Kids today look differently than they did 20 to 30 years ago.  They wear sweats and basketball shorts.  Girls mostly wear pants, once taboo in public schools.  More often than not they wear Navy blue, gray and black. Kids carry large backpacks rather than binders with covered books.  Textbooks today are often electronic.  Boys wear sports team logos of all colors.  They all carry pods and pads; smart phones, cell phones, and the cords to charge them.
But some things remain remarkably the same.  There are drama nerds who read with strong emotion or wear sport coats and bow ties or thin solid color ties daily!  There are sullen teenagers who's involvement spans the gamut from putting their hoodie up to occasionally sharpening a pencil or turning around to talk to someone about an unrelated, completely off task matter.  So it goes.
I asked these kids to do a couple of writing exercises with me and for the most part they delivered.  We explored writing "voice" and "point of view" together.  But there were a few kids who, in the time provided did little writing.  Occasionally they wanted to share their ideas verbally...a kind of "what I was going to or would have written."  Fascinating.  It means they were engaged in the spirit of the assignment, but still something is preventing them from keeping pace with the entire group.  Another notable result involved content.  On one piece of writing we did there was plenty of room for students to express empathy.  We wrote in 3 different voices about the loss of a neighbor's dog.  When writing to a 5 year old about the event, most kids wrote with appropriate sensitivity.  Some didn't.  I want to know what's behind that.  Perhaps if I were their teacher full-time, that would become apparent, in time.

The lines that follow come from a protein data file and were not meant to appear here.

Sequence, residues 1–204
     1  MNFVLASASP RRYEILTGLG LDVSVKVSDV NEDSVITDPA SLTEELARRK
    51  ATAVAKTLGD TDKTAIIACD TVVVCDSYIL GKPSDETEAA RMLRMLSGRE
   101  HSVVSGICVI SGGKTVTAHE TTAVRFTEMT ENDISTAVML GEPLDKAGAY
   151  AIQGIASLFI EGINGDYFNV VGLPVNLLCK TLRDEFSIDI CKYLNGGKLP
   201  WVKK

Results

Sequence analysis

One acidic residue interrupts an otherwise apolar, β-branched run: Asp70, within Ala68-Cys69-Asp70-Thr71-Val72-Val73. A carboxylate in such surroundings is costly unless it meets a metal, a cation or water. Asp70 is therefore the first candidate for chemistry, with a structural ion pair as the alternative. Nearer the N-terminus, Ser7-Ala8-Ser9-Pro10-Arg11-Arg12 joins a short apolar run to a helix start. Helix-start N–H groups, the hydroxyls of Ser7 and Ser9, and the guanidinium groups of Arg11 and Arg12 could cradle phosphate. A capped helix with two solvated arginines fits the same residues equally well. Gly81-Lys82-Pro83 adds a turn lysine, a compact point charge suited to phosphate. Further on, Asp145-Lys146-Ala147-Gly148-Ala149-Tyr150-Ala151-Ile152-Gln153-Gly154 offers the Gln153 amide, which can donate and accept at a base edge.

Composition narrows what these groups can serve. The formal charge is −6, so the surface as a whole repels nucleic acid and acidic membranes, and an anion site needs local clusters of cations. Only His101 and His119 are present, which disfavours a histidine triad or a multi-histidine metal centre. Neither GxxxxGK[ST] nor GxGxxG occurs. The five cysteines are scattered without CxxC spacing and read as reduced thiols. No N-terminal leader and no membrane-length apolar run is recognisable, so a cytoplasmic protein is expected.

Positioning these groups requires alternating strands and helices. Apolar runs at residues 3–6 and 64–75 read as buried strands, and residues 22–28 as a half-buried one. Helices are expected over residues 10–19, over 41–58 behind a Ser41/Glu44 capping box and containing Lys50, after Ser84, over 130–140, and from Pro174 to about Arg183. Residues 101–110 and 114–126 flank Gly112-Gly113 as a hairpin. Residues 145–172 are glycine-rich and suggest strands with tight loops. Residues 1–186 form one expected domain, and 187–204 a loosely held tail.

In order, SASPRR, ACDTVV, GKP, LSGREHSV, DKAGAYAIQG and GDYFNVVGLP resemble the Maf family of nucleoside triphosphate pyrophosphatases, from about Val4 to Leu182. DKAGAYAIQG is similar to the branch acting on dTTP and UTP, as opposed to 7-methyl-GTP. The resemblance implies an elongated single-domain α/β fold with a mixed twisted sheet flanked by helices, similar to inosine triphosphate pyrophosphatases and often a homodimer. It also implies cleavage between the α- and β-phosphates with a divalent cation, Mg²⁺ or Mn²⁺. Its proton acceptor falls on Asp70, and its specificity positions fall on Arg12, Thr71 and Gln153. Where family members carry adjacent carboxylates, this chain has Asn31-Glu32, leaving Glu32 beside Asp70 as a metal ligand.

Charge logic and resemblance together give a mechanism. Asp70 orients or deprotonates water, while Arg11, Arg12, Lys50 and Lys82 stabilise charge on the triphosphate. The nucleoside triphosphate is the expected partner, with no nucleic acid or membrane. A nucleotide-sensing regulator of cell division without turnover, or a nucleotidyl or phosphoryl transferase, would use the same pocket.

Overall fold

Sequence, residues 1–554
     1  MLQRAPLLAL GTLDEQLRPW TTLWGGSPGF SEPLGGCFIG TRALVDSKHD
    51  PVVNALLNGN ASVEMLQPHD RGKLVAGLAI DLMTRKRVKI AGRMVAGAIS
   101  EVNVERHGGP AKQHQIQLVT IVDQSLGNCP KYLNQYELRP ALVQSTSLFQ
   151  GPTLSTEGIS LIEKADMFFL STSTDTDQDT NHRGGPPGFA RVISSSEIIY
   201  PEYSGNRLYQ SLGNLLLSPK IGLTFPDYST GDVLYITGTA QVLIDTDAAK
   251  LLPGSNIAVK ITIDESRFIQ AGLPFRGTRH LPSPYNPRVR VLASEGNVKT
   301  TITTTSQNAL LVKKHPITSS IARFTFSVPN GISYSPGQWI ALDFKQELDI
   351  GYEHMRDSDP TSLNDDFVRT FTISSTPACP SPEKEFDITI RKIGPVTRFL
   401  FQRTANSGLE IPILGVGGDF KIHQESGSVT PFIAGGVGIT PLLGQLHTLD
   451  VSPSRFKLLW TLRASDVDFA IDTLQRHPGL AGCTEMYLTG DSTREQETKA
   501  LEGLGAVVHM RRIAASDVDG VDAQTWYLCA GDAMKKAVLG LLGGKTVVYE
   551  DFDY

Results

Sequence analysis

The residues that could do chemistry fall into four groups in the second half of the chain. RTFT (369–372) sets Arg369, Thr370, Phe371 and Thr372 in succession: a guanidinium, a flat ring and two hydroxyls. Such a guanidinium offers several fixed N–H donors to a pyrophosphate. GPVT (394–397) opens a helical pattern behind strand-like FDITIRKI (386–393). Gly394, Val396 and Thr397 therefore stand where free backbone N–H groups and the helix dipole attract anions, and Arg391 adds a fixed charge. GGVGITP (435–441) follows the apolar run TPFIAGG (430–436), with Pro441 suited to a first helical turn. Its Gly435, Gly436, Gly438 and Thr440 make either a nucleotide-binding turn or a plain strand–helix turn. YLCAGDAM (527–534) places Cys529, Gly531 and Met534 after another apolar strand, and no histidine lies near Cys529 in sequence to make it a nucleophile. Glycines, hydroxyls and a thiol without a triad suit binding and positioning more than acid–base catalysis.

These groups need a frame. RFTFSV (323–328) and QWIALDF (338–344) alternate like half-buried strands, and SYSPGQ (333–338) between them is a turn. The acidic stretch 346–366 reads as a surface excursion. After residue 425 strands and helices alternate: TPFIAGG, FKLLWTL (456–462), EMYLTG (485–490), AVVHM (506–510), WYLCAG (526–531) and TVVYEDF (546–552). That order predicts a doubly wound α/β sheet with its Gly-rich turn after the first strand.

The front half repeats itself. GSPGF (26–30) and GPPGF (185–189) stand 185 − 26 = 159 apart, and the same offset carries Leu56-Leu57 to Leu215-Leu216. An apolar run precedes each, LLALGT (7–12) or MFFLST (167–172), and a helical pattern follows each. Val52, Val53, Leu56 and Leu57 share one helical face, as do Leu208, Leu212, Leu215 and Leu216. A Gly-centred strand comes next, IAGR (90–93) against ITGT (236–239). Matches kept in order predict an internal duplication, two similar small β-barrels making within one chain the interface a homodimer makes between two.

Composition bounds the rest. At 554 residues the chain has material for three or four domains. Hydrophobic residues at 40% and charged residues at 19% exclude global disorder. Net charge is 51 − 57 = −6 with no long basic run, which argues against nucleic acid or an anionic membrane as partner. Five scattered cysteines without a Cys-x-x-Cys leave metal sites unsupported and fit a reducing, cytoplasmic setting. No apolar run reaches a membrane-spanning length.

For now, these issues and the always evident conundrum of the student who does no written work; just comes to class to vegetate, will continue to be the source of additional processing, reflection, and concern.

Sunday, January 12, 2014

One More Time

It's been about eight years since I retired from full-time teaching.  Eight years since I ruminated about a lesson, made some notes on a little background research just in case a question comes up, and eight years since I realized that, yes, a typo can get through a spell check easily.  So, when I went into a high school sophomore English class--actually three of them-- to model some lessons for a first year teacher I'm currently mentoring,  had a few concerns.